Looking forward to hearing more about the De Atramentis pearlescent inks you mentioned, and how they differ from the shimmer inks.

    • Lydia At Goulet Pens

      What a great tip, Tom! Thanks for sharing that technique. That sounds like a great way to get the most shimmer. I can definitely see where the concern to clear out the shimmer comes in, but I appreciate your reassurances about cleaning. Those stray sparkles might be a fun surprise in writing 😉

  • Nancy

    How do you guys get such extreme color variation in inks like diamine blue flame or osters fire and ice? Whenever I write with them in my Rhodia notebooks it just looks blue.

    • Lydia At Goulet Pens

      It is all about the pen and paper choice, Nancy. Flex nibs and brush pens put down a huge flow of ink which really lets the shimmer and sheen shine through. Tomoe River is the best paper to achieve it on.

    • AmyStev

      I don’t know what pen you’re using, but I had the exact same experience when I first tried a shimmer ink (Diamine Shimmering Seas) in my Noodler’s Ahab flex. Then I decided to try removing the breather tube from the pen. HOLY SHIMMER!! Made all the difference in the world.

  • Renee Olsen

    I’m not a person who loves pink, but I do love orange and I love Diamine Pink Glitz. If Pink and Orange had a beautiful baby it would be Diamine Pink Glitz.

  • Uniotter

    Emerald of Chivor and Rouge Hematite are also favorites of mine, but after seeing your post, I want to pick up the Diamine Blue Flame! The shimmering inks really add some excitement to an already pleasurable hobby. 🙂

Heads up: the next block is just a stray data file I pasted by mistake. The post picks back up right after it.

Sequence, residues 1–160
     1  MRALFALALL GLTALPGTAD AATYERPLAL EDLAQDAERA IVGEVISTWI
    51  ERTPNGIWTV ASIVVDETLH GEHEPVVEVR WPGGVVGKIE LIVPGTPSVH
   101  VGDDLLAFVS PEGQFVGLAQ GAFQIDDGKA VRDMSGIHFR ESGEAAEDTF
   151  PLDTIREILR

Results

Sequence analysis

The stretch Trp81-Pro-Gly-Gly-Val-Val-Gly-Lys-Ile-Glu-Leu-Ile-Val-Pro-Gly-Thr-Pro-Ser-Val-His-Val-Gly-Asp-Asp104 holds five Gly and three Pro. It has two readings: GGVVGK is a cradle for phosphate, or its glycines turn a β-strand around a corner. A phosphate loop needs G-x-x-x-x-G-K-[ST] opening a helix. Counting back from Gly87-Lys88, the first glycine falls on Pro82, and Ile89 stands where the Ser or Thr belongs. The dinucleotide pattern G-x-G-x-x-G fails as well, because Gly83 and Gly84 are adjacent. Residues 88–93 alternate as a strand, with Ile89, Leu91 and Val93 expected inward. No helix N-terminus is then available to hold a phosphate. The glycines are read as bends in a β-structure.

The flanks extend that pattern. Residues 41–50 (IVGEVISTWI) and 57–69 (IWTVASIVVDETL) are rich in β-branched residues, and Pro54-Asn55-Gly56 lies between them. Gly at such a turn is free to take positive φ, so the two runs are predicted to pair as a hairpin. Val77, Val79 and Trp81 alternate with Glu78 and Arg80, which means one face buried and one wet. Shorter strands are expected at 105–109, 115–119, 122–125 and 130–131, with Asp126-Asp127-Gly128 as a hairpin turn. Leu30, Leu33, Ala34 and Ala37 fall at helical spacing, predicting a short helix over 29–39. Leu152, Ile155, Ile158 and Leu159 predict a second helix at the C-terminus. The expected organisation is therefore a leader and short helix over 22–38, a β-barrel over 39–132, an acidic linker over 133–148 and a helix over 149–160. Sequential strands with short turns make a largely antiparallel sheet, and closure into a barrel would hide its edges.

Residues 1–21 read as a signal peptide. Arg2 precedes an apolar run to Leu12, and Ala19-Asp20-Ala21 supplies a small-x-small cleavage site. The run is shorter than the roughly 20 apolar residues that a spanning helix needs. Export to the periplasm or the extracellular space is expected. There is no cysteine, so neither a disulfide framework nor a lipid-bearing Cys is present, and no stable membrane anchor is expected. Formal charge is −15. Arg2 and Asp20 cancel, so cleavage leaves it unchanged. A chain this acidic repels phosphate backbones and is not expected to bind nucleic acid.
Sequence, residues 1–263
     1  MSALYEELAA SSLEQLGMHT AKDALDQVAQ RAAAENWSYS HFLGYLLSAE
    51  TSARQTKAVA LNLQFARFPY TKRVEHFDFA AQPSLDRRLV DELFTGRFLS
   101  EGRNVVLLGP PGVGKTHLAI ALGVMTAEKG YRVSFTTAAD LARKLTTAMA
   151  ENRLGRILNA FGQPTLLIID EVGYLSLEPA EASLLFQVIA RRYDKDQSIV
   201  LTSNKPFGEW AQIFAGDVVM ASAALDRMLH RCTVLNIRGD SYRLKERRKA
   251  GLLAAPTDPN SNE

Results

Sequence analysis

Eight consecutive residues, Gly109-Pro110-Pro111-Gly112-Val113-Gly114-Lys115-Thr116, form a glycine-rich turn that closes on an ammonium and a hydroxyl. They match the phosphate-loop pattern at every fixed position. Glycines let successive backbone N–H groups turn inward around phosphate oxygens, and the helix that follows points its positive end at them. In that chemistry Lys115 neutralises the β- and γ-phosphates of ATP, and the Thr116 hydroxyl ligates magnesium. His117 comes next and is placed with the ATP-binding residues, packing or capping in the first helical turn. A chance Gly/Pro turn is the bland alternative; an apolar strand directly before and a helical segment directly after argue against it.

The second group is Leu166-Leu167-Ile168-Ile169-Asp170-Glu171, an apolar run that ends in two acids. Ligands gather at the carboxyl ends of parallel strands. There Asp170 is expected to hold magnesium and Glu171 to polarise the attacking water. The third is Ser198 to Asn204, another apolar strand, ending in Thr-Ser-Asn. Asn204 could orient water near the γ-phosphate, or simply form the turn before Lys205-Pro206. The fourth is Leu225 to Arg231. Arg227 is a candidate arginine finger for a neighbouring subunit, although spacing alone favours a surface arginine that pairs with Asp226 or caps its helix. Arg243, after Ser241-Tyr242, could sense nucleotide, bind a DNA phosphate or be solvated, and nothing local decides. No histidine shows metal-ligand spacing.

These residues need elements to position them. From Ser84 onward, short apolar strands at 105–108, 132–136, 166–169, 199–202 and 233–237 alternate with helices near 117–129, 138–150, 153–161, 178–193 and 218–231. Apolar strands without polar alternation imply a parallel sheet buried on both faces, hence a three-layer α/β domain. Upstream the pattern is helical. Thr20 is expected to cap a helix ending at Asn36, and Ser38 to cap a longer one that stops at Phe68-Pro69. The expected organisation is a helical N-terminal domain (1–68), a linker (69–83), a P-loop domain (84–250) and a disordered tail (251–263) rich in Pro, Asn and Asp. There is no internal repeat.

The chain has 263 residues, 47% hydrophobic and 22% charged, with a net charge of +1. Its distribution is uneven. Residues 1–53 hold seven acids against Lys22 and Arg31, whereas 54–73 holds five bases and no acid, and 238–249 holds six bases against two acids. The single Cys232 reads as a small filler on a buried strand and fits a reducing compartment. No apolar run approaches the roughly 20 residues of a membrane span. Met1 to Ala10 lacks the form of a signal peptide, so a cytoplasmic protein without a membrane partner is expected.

• Lydia At Goulet Pens

      Great choices! Shimmering inks really do add a new level of fun! I always keep a pen inked up with one so when I meet someone who doesn’t know about fountain pens, I can get them hooked by showing them the sparkly inks. Haha. Sneaky tactic, I know.

  • As an artist I am also seeing that good cold-pressed watercolor papers do not seem to work as well as a mixed medium bristol (smooth) paper or some hot-pressed papers, which allows the ink to sit on top a bit longer.

  • VickNish

    i’ve noticed at times, the shimmer can build up a bit and clog my nib & feed in some larger ink capacity pens (eyedropper and piston fillers). when flow seems hindered a bit, i just pull the nib and feed out, give it a good scrub down, and shove them back in. good as a new filling!

  • MP

    My experience isn’t wide-ranging yet, but Emerald of Chivor certainly is gorgeous. I remember getting an invoice from Goulet with the note written in Caroube de Chypre. I hadn’t really registered shimmering inks yet as a fountain pen newbie, but the moment I saw that note, I knew I had to try that ink. Gorgeous!

  • Lacey

    I really like Emerald of Chivor as well! I have a couple of the Diamine Shimmertastic inks too, and I have a hard time finding pens that can handle them for some reason… I have a TWSBI Diamond 580 stub that writes really wet, but when I try shimmering inks in that one, it pretty much immediately clogs the feed. The best pens I’ve found for the Diamine shimmering inks are Jinhao pens (they tend to write really wet, I think) that I’ve put stub nibs on.

  • ec

    I love the Shimmertastic inks and have had great results with all that I’ve used. (Six bottles plus a few other samples.) No cleaning issues, but I’m a bit OCD when cleaning pens with any kind of ink. For consistently showing lots of shimmer, I think Blue Pearl is tops, but I love them all. My sample of Emerald of Chivor didn’t show as much shimmer as the Diamines do; maybe just a bad sample.

    • Amy Chen

      From my experience, the J. Herbin 1670 series simply seem to have less shimmer to begin with than the Diamine Shimmertastic series!

  • Wendy

    For me, it is a toss up between J. Herbin’s Stormy Grey or Emerald of Chivor. Rich ink colors and just a hint of shimmer. Love them. 🙂